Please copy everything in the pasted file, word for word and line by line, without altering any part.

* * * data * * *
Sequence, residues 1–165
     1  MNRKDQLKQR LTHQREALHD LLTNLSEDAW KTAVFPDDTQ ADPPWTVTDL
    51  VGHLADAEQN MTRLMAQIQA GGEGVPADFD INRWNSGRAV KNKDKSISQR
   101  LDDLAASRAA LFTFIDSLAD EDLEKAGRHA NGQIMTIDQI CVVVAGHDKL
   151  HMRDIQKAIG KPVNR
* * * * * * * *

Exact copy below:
Sequence, residues 1–165
     1  MNRKDQLKQR LTHQREALHD LLTNLSEDAW KTAVFPDDTQ ADPPWTVTDL
    51  VGHLADAEQN MTRLMAQIQA GGEGVPADFD INRWNSGRAV KNKDKSISQR
   101  LDDLAASRAA LFTFIDSLAD EDLEKAGRHA NGQIMTIDQI CVVVAGHDKL
   151  HMRDIQKAIG KPVNR